The Highest Form of Charity Doesn’t Require a Gift
According to the famous 12th century Jewish sage Maimonides:
“The highest degree of charity, exceeded by none, is that of one who assists a poor person by providing him with a gift or a loan or by accepting him into a business partnership or by helping him to find employment – in a word, by putting him where he can dispense with other people’s aid.”
In other words, acting as a resource to help one become self-sufficient is more valuable than an outright gift. The logic behind this rationale is powerful from several perspectives: First, assisting one on their way to supporting themselves and their family hopefully makes the need for assistance only temporary as opposed to a permanent fixture. Second, as Sir Lord Rabbi Jonathan Sachs describes, “The idea that the highest form of charity is to find someone a job speaks volumes about its [Judaism’s] understanding of human dignity – people don’t want to be dependent.” Giving someone a job, putting them in business, or offering them a bona fide loan is not an outright gift. It is temporary assistance whereby they retain the obligation to pay it back or work for it.
Enabling this self-sufficiency can be accomplished without ever writing a check. Sometimes a simple introduction or personal vouching can help secure much needed employment. In times when funds are needed, they may be structured as a lending service so that they aren’t an outright gift, but rather a bona fide loan that is paid back over time. This idea was recently employed to great effect by Nobel Prize winner Muhammad Yunus who championed a program of granting microloans to help poor people start small businesses. Recipients of these loans were given an opportunity to become self-sufficient as opposed to having their basic needs covered. Looking elsewhere, on a recent trip to the Democratic Republic of Congo we were introduced to a situation where local organizations were partnering with an electric utility to bring electricity to first time commercial users to enable them to transform their operations and increase profitability. There are countless opportunities to utilize this concept creatively in ways that can transform individuals and communities. While there may be the opportunity to establish a new avenue to employ this tactic, our guess is that there are many existing organizations that would welcome additional funding sources.
We believe the opportunity for this “highest form of charity” is as needed today as ever, both domestically and abroad. Often these are good, well-intended individuals that simply need a “break” to get them started on their way. A benefit-focused look at the needs of various communities can help you find the right recipient for your assistance. One great example of the need and opportunity is illustrated by Starbucks’ initiative to help disenfranchised young people find a self-sustaining job. The outpouring of applicants and positive outcomes that resulted emphatically demonstrates that many of those living in hardship just want a shot, and once they are given that shot, they will perform.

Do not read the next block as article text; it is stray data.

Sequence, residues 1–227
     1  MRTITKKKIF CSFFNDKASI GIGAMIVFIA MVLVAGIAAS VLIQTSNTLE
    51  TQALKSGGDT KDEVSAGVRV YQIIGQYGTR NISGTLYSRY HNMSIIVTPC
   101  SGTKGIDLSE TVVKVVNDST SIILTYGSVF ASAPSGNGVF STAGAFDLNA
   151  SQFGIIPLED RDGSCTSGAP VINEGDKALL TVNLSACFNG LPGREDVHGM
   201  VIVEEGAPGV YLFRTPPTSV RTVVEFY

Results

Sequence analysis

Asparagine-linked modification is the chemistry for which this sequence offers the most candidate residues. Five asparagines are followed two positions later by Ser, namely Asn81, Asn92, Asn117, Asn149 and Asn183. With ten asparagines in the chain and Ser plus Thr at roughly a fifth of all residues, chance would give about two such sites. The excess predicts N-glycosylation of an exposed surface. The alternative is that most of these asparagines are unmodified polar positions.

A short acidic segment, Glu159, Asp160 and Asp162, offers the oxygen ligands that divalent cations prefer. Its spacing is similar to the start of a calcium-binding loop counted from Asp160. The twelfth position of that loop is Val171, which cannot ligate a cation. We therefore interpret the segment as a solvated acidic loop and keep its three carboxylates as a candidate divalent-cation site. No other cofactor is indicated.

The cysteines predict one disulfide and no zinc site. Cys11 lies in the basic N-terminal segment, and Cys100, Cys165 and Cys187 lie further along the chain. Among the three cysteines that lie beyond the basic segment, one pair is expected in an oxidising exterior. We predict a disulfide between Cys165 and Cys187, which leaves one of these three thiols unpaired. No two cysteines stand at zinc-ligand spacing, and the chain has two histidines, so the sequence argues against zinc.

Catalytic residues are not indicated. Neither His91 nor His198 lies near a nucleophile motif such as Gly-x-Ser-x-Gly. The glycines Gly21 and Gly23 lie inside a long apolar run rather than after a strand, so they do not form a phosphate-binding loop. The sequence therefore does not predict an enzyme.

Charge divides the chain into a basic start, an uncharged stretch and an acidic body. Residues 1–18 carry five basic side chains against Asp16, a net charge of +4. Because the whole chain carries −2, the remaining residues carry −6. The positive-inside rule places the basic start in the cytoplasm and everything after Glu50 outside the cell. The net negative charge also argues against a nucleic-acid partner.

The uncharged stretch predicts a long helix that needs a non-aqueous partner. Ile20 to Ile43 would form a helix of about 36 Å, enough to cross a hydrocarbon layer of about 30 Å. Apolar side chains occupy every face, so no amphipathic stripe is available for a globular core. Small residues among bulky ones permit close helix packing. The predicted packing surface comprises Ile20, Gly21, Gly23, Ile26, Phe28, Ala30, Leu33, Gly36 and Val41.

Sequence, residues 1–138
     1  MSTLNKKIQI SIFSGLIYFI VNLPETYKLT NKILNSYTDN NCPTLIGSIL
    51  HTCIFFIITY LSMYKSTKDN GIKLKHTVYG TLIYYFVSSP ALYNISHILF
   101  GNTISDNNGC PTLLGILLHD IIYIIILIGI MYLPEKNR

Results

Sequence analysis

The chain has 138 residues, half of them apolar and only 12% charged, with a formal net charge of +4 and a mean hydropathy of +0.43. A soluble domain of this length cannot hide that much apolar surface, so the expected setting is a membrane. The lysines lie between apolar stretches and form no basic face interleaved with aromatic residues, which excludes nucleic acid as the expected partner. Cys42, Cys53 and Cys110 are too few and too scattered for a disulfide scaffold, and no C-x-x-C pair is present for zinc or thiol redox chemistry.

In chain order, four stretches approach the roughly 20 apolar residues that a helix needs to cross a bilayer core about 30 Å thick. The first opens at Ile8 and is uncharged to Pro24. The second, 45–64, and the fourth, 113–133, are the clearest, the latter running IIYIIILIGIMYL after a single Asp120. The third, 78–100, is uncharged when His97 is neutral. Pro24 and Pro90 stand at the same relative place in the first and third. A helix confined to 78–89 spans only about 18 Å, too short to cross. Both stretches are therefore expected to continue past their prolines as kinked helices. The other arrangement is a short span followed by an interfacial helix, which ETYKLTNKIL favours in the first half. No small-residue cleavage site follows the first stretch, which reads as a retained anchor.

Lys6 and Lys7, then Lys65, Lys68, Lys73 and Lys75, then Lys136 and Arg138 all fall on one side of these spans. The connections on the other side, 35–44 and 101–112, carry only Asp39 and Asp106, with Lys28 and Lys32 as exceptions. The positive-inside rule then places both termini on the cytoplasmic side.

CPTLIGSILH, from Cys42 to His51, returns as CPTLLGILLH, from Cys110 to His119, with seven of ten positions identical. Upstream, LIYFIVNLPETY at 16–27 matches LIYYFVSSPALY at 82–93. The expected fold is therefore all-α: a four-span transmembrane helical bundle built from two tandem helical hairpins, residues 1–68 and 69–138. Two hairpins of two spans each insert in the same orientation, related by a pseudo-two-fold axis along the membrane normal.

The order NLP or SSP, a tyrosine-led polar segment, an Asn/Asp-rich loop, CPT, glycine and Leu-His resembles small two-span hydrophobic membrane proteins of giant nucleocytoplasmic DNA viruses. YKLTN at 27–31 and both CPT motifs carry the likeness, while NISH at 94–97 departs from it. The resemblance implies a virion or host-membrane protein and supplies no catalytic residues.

Helping someone find a job or start a business is only one aspect of “the highest form of charity.” Sometimes people are burdened and subsequently consumed, if not paralyzed, by temporary hardships. The unplanned expenditures that result can be devastating for someone living month to month without any savings. In the absence of temporary assistance, these episodes can trigger an economic downward spiral that has dire long-term consequences. Being able to offer a temporary bridge loan can be all that is necessary to resolve matters in a way that eliminates the need for dependency.
We wholeheartedly embrace this form of assistance charity, and in fact continue to explore how we can be more effective and organized along these lines. Specifically, the Greenstein Family Foundation is intrigued by the possibility of a creating a resource and clearinghouse for community members in temporary but drastic need. We believe that our community is filled with capable, ambitious and good individuals that just need an outstretched arm of assistance to help get them on their way.
Helping someone find a job or channeling your business activities to one in need likely costs nothing and yet has the potential to be an enormously valuable and long-reaching gift. This is something many of us can do without much effort, provided we are aware of the situation. We encourage others to be mindful of those situations where they can perform the highest and most dignified form of charity.